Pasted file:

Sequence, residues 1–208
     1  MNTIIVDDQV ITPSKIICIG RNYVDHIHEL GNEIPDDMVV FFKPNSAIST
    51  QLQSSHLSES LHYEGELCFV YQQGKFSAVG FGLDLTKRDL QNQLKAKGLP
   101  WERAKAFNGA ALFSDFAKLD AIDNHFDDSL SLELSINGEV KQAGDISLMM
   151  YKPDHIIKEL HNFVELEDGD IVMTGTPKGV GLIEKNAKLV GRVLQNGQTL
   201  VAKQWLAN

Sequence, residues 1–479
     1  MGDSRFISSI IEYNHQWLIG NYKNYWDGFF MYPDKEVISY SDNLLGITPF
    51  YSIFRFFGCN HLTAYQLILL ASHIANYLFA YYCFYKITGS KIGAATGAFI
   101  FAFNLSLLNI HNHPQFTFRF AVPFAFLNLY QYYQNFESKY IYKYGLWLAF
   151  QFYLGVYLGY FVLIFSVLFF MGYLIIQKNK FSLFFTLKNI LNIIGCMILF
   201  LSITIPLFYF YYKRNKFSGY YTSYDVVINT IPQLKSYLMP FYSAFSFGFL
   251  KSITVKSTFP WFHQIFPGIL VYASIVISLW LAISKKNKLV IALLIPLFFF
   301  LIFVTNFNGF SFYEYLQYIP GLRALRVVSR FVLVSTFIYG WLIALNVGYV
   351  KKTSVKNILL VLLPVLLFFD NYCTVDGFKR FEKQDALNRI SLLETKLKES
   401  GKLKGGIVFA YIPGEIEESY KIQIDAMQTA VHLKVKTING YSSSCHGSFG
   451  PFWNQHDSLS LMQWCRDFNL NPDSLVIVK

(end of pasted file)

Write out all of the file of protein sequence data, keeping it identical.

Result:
Sequence, residues 1–208
     1  MNTIIVDDQV ITPSKIICIG RNYVDHIHEL GNEIPDDMVV FFKPNSAIST
    51  QLQSSHLSES LHYEGELCFV YQQGKFSAVG FGLDLTKRDL QNQLKAKGLP
   101  WERAKAFNGA ALFSDFAKLD AIDNHFDDSL SLELSINGEV KQAGDISLMM
   151  YKPDHIIKEL HNFVELEDGD IVMTGTPKGV GLIEKNAKLV GRVLQNGQTL
   201  VAKQWLAN

Sequence, residues 1–479
     1  MGDSRFISSI IEYNHQWLIG NYKNYWDGFF MYPDKEVISY SDNLLGITPF
    51  YSIFRFFGCN HLTAYQLILL ASHIANYLFA YYCFYKITGS KIGAATGAFI
   101  FAFNLSLLNI HNHPQFTFRF AVPFAFLNLY QYYQNFESKY IYKYGLWLAF
   151  QFYLGVYLGY FVLIFSVLFF MGYLIIQKNK FSLFFTLKNI LNIIGCMILF
   201  LSITIPLFYF YYKRNKFSGY YTSYDVVINT IPQLKSYLMP FYSAFSFGFL
   251  KSITVKSTFP WFHQIFPGIL VYASIVISLW LAISKKNKLV IALLIPLFFF
   301  LIFVTNFNGF SFYEYLQYIP GLRALRVVSR FVLVSTFIYG WLIALNVGYV
   351  KKTSVKNILL VLLPVLLFFD NYCTVDGFKR FEKQDALNRI SLLETKLKES
   401  GKLKGGIVFA YIPGEIEESY KIQIDAMQTA VHLKVKTING YSSSCHGSFG
   451  PFWNQHDSLS LMQWCRDFNL NPDSLVIVK